LONDON — Europe’s top court on Thursday struck down a trans-Atlantic agreement that allows scores of companies to move data between the European Union and the United States, causing uncertainty for businesses who rely on moving digital information seamlessly around the world.
The European Court of Justice in Luxembourg ruled that the agreement, known as Privacy Shield, did not comply with European privacy rights. Privacy Shield, created in 2016, allows businesses in the European Union and the United States to move date more easily between the two regions. More than 5,000 companies use the system.
The decision is the latest twist in a long-running campaign by privacy-rights activists in Europe who want to prevent companies from moving their personal information to countries with looser data protection rules. The efforts stem from the surveillance programs revealed in 2013 by the former American intelligence contractor Edward Snowden about the bulk collection of communications.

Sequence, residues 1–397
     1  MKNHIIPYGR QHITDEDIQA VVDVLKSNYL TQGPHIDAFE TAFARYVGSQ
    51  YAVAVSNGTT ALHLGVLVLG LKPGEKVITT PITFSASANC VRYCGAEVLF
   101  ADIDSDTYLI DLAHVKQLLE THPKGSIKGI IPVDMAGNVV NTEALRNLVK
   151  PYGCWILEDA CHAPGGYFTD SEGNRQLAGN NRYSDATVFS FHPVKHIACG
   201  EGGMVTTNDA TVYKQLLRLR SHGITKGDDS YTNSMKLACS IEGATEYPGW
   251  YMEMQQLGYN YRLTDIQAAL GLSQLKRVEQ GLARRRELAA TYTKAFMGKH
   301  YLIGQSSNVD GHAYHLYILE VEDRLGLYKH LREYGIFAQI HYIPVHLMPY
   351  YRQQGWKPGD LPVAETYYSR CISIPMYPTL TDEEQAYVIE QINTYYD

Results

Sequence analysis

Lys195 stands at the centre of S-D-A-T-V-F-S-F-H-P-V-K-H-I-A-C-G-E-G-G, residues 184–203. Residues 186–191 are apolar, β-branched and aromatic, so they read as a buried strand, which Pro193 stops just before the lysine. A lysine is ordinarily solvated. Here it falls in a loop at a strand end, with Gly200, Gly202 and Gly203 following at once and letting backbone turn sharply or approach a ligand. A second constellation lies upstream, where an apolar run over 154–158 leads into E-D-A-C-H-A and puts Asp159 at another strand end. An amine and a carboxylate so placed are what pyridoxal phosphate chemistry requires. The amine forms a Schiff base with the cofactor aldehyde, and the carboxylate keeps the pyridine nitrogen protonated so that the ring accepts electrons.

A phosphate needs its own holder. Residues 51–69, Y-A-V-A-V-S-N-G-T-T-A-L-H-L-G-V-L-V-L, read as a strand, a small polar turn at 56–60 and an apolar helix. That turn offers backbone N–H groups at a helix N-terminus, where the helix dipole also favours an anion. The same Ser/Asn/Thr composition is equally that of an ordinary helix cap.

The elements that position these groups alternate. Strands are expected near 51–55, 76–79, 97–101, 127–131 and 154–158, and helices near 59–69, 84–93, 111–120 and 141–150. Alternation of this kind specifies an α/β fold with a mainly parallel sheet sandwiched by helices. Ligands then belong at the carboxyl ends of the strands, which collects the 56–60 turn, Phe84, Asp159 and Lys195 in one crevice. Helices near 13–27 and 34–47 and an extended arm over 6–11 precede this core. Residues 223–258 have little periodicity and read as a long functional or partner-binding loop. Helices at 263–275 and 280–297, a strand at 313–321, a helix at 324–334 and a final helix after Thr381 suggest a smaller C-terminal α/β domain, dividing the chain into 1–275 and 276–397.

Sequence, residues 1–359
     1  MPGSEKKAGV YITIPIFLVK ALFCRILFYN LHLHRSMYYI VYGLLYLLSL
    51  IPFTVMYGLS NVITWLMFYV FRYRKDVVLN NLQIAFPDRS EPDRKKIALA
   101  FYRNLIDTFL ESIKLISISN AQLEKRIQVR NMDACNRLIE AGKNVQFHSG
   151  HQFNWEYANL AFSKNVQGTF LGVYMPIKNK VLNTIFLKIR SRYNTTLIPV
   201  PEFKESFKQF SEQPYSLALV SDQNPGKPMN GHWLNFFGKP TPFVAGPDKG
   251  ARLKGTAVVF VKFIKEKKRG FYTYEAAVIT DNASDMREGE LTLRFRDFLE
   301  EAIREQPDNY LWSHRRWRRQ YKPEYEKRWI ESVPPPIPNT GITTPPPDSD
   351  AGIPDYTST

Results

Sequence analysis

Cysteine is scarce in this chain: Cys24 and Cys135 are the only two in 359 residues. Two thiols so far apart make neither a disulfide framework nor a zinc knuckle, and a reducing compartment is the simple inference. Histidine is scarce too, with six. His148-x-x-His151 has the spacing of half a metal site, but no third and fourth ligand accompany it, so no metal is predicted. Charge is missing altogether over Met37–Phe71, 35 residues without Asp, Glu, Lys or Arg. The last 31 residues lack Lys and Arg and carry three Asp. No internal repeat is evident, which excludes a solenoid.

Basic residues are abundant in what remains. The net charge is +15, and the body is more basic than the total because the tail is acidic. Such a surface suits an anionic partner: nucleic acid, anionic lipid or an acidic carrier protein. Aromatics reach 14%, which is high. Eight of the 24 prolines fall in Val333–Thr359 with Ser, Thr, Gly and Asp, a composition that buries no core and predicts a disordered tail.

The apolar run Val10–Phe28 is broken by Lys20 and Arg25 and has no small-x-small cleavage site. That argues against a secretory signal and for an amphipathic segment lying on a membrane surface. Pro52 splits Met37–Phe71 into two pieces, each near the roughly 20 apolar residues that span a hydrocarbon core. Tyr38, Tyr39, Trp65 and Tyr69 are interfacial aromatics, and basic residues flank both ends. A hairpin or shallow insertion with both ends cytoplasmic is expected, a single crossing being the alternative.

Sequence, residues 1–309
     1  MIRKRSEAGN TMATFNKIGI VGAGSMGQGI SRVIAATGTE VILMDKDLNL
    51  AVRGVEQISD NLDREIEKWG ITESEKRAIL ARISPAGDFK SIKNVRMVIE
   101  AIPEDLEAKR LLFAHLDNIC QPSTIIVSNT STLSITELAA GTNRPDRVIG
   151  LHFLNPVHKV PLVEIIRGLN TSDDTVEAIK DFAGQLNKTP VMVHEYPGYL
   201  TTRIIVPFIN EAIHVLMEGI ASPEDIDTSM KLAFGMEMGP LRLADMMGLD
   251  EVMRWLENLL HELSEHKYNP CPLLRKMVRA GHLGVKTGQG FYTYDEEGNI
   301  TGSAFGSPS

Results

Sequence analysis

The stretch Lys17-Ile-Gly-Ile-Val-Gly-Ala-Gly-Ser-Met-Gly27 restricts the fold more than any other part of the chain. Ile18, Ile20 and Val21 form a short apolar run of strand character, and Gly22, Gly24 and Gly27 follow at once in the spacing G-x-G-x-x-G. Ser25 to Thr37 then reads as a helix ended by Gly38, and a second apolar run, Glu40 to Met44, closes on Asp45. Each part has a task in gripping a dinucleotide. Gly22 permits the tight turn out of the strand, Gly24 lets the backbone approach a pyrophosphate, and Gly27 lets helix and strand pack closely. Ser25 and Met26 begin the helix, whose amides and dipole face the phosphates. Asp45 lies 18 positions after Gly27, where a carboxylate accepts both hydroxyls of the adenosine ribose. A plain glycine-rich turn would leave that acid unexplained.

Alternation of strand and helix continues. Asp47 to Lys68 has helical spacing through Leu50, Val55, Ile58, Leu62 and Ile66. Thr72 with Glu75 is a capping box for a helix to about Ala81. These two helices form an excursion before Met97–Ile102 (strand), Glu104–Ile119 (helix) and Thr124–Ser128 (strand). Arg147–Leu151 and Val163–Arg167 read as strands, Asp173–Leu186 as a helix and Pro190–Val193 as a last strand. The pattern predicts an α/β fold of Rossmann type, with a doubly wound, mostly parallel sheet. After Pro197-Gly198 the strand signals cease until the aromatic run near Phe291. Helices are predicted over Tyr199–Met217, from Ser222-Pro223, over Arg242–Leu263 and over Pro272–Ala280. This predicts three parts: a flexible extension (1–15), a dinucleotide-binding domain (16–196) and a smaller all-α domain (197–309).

The overall effect of the court’s decision was not immediately clear beyond creating a dizzying amount of new work for corporate legal departments. Before the decision was announced, European officials played down the potential fallout, saying plans were in place to ensure commerce would not be interrupted.
An Austrian data-protection lawyer, Max Schrems, filed a complaint against Facebook, arguing his privacy rights were violated once his data was transferred to the United States, where it be would be vulnerable to American snooping.
Mr. Schrems’s case became a broader referendum on the validity of the trans-Atlantic data-transfer agreements.
This is a developing story. Please return for updates.